Written by: Hans Appel
“The art and science of asking questions is the source of all knowledge.”
Questions lead to answers like leadership leads to culture. While great leadership builds amazing culture, weak leadership can foster toxic culture. Educators and students are co-leaders in an Award Winning Culture. In terms of learning, in order to discover helpful answers we must learn to ask the R.I.G.H.T questions.
Modern educational thought leaders have emphasized the learning power in asking smart insightful questions. In essence, there is an entire body of research to suggest that educators should be striving for learners to question and interact with academic content rather than seeking an ongoing answer factory.
Questioning helps students generalize skills beyond a limited set of circumstances. Despite our knowledge on the importance of questioning, I’ve long wondered why school seems to regularly devolve into a repetitive question/answer series of activity.
It’s important to understand standardized assessments came about because of a need to make things simpler to compare, contrast, and label. For instance, it’s ‘easier’ to grade and therefore assess student knowledge if there’s an obvious answer to a predetermined common assessment. On the other hand, simplicity for educators, parents, and lawmakers does not equate to value for learners.
My colleagues, who preach alternative assessment options like standard based grading or student conferencing, might be quick to point out the fallacy in traditional questioning models. Additionally, these same colleagues would explain how this limited inquiry based approach prevents learners from stretching up the pyramid of Bloom's Taxonomy or reaching higher levels on Webb’s Depth of Knowledge.
Furthermore, lower forms of questions reinforce barriers to learning like gender and racial bias. If a question doesn’t allow room for me to wrestle with big ideas while infusing my own uniqueness into the answer, it’s probably a poorly conceived question.
Educators get what they model and practice in their own learning. It's time to start thinking about some of the questions we ask of our peers...
Are you a part of any ongoing learning community? Maybe a PLN, PLC, Facebook group, etc. I’ll bet some of the questions below look familiar.
Here’s a few common low-level questions I regularly see in online learning communities:
Some queries don’t even take the form of a question:
On the outside these targeted questions seem to drive specific shotgun answers that might help guide educators; but, in reality there’s a common thread underscoring each question. These routine inquiries from educators lack the PASSION, PURPOSE, and PRIOR KNOWLEDGE to ignite game-changing professional development. Receiving a laundry list of ideas or suggestions, is nothing more than an efficient way to poll.
It’s much more relevant and helpful to understand the thinking that goes behind the answer. Why do I value this kindness lesson, leadership book, or ice-breaker? The real answer to any of the above questions is-- it depends.
It depends on your school and class culture. Please don’t assume that one educator’s must-have program, strategy, or thought is exactly what your community of learners needs.
In order to answer these questions effectively, we’d need to know more about the BIG PICTURE. Where are you going? Who’s the audience? What are your goals? Why is this question important to your classroom, school, or learners?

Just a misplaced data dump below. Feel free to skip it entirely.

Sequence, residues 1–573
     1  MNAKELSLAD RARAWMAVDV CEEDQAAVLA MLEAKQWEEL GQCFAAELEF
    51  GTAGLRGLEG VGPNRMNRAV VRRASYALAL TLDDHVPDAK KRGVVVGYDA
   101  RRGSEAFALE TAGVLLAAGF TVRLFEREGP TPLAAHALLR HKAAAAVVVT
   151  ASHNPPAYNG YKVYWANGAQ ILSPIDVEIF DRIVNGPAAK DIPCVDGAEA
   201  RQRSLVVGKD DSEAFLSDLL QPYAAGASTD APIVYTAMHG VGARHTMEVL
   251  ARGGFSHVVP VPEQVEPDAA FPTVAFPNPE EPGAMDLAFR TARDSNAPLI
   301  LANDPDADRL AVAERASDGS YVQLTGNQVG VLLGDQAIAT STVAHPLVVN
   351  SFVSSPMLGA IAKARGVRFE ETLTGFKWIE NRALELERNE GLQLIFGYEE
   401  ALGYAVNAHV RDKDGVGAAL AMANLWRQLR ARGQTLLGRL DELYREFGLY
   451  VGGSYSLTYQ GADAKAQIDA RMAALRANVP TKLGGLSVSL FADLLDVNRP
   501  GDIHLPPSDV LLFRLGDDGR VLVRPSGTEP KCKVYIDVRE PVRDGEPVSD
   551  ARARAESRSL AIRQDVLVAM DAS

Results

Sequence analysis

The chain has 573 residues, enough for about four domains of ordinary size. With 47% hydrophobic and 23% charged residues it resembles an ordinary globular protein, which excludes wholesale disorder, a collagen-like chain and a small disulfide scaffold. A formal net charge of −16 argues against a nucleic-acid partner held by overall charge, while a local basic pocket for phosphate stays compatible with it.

If educators hope to expect deeper levels of questioning from our students we must DEMAND the same rigor in our own learning.
Sometimes the right questions are the ones we ask OURSELVES.
“Without reflection, we go blindly on our way, creating more unintended consequences, and failing to achieve anything useful.”
-Margaret J Wheatley
Locating the strongest educational learners is pretty easy, they’re the ones CREATING, REFLECTING, and CONNECTING.
They reframe knowledge based questions into metacognitive analysis of thought:
Before seeking level 1 input from external sources, start by reframing your basic questions into reflections to rekindle your WHY. When exploring professional development pursue multi-points of entry into your passion. Focus less on seeking answers and more on practicing an award winning mindset driven to discover and develop YOUR OWN JOY.
In Award Winning Culture, I wrote about what prevents others from asking questions, “educators in an award winning culture recognize current and past barriers toward seeking help and actively create safe and welcoming conditions to support students, parents, and educators.”
Taking it a step further, the additional barrier is ensuring we’re asking ourselves and others the deeper level questions while wrestling with ever-changing answers.
What’s one thing you’re struggling with this week that might benefit from a reframe? Are you asking the RIGHT question?
About the Author
Hans Appel is an educator, speaker, and writer deeply committed to inspiring the whole child. He’s the author of, Award Winning Culture: Building School-Wide Intentionality and Action Through Character, Excellence, and Community. Additionally, he’s the Director of Culture for the Teach Better Team, Co-host of the Award Winning Culture podcast, and the Co-Creator of Award Winning Culture.
Award Winning Culture was created by Hans and Jennifer Appel with the sole purpose of creating an educational mindset of Positive INTENTIONALITY and ACTION; with a daily mantra to make our sphere of influence stronger through Character, Excellence, and Community. Part of AWC's mission is to highlight outstanding educators, companies, and resources that support an Award Winning Culture. Both Jennifer and Hans work at Enterprise Middle School aka Wildcat Nation. Wildcat Nation received the 2018 ASCD Whole Child Award in Washington, for its award winning culture and the 2018 Global "Class Act Award" for Kindness.